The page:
Investing in Scotland’s Future: Resource Spending Review, an overview
BEFS Director gives a brief overview of the Spending Review released by the Scottish Government
The Scottish Government published Investing in Scotland’s Future: Resource Spending Review on 31st May. This is the first resource spending review since 2011. Much is made of the challenging and volatile context, across social and economic factors, in which this review appears.
This review begins a journey of reform to meet the most pressing issues facing Scotland over the medium-term. This means that rather than a uniform increase across portfolios, this spending review prioritises delivery of the commitments made in the Programme for Government and Bute House Agreement, specifically:
- Reform to improve outcomes for children currently living in poverty;
- Reform to help achieve the just transition to a net zero and climate resilient society where we play our part in tackling the global climate crisis;
- Reform in the way we experience our public services as we recover from the COVID-19 pandemic; and
- Transformation of our economy to enable growth, opportunity and a sustainable outlook for our future. (p3)
Kate Forbes in her role as Cabinet Secretary for Finance and Economy was keen to stress in her statement that this is not a Budget. However, to provide any form of rapid assessment of what this this Review may mean, we sought comparisons, where possible, with the previous budget figures. There has been much rearrangement of portfolio aspects, this means there is difficulty in finding direct comparisons, but some bigger picture thinking can appear to be drawn out. BEFS strongly recommends that the document is examined in full before any more detailed conclusions are drawn. BEFS will only highlight areas with greatest direct relevance across the sector.
The Strategic Overview section (1) – notes the Spending Review background, and principles, as well as highlighting Public Service Reform which mentions drive for innovation and efficiency; as well as discussing Public Service Delivery which stresses the need to return the public service to pre-pandemic size. These areas for reform (generally excluding local government) include:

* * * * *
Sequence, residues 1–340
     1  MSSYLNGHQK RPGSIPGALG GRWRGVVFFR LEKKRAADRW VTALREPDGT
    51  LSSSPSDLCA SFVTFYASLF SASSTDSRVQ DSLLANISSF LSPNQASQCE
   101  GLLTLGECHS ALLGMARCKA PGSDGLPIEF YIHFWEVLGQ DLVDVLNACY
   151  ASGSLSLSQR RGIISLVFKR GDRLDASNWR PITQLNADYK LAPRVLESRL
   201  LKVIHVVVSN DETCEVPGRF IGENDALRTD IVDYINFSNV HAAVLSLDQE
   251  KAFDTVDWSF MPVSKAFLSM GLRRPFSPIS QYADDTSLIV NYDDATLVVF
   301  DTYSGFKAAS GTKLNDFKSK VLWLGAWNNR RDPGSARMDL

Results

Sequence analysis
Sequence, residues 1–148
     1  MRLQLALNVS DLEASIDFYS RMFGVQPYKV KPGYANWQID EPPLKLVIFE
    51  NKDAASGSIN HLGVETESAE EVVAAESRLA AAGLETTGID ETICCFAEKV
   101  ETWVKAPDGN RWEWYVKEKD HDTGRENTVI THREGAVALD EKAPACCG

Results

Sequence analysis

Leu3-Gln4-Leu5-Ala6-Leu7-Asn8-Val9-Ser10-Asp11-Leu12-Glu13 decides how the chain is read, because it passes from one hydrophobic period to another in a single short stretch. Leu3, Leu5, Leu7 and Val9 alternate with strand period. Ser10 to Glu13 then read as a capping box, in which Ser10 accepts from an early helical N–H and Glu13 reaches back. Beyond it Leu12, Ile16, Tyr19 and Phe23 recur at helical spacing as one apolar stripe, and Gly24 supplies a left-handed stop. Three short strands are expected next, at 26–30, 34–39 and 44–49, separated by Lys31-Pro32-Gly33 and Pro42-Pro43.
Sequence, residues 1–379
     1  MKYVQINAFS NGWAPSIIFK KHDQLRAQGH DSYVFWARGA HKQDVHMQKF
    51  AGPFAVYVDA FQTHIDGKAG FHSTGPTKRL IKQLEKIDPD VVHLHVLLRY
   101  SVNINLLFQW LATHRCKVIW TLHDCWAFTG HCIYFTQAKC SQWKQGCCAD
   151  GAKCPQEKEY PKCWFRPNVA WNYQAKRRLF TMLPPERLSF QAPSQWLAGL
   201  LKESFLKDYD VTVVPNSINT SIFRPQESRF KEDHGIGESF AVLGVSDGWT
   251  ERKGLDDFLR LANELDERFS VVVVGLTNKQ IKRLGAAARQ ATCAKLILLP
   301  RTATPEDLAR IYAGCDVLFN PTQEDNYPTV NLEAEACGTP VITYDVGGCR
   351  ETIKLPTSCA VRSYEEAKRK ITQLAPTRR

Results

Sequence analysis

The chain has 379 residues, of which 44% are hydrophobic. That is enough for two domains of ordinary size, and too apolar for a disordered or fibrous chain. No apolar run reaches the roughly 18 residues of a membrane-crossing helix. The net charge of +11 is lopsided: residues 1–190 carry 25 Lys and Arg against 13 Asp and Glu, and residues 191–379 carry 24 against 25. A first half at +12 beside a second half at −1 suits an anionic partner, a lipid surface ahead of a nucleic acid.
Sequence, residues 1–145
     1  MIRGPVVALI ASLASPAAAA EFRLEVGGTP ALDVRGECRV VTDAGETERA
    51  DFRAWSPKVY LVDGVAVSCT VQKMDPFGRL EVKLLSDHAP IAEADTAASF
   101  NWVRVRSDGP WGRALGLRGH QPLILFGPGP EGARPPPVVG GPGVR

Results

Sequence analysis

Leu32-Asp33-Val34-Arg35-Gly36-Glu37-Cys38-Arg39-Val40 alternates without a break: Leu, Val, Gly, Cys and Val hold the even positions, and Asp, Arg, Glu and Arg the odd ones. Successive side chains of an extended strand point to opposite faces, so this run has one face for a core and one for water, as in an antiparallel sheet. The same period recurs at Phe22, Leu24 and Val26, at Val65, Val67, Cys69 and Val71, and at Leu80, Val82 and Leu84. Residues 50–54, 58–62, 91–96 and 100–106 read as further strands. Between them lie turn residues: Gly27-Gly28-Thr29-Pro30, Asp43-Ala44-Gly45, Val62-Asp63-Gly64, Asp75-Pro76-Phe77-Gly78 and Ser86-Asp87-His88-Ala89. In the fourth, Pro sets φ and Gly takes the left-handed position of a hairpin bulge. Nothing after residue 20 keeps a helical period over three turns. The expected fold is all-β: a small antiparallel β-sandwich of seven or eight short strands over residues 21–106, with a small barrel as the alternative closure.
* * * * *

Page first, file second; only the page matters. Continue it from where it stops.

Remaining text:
- Changes to working practices/hybrid arrangements
- Fresh consideration of the public body landscape
- A multi-year estates programme to make the best use of public sector property and other assets
- A programme of digital reform, focused on inclusion and connectivity
- The development of a strategy for public procurement that will drive greater collaboration and value for money.
Section 2 addresses delivery of strategic outcomes. This includes many measures related to the cost-of-living crisis, including: Providing £336 million in 2022-23 to heat, energy efficiency and fuel poverty measures. (p18) Addressing Nature and Climate crises also feature, with measures, such as:
- Up to £75 million per year increased resource spend to support delivery of our Heat in Buildings strategy, enabling £1.8 billion (including capital and financial transactions) of overall public investment across this parliament towards decarbonisation of over a million homes and 50,000 non-domestic buildings by 2030.
- £95 million of further investment across the spending review period to support the scaling-up of activity to meet our annual target of 18,000 hectares of woodland creation target by 2024-25, alongside delivery of ambitious programmes focused on nature restoration and addressing biodiversity loss.
- Investment of over £12 million for peatland restoration across the spending review period, supporting delivery of £62 million of capital 23 spend to double current restoration rate of 6,000 hectares to the 2023 target of 12,000 hectares per year and then on to the 2024-25 target of 20,000 per year. (p21)
The Stronger, Fairer, Greener Economy will, implement the next phase of the Green Jobs workforce academy to make sure people have the skills they need as part of a Just Transition. (p25)
There are multiple key reforms set-out within the document, some of which include:
- Innovation and Revenue Raising – with particular focus on public bodies who charge for services identifying ways to recover more of their costs. Initial conclusions on consultation from this will be included in the 2023-24 Scottish Budget.
- Digital Public Services – including digital planning; and wider approaches to adopt common platforms.
- Levers to Drive Greater Efficiency including new approaches to: Shared Services, use of estates, effective procurement and grant management.
With regard to the estate, this includes:
- Reduce the public sector estate footprint and costs and have fewer, better buildings which support our people and our service delivery to the public.
- Increase co-location, collaboration and the interoperability of offices across the Scottish public sector incorporating flexible location models.
- Reduce public sector office carbon emissions.
- Increase on-site joint administrative services in public sector offices. (p39)
The Portfolio within which Culture sits is currently described as follows: The Constitution, External Affairs & Culture (CEAC) portfolio engages at home and internationally to enhance Scotland’s reputation, increase economic success, prosperity and wellbeing, support Scotland’s diverse and evolving culture and major events sectors, promote access to our historic environment, and promote Scotland as a great place to live, visit, work, study and do business.(p57)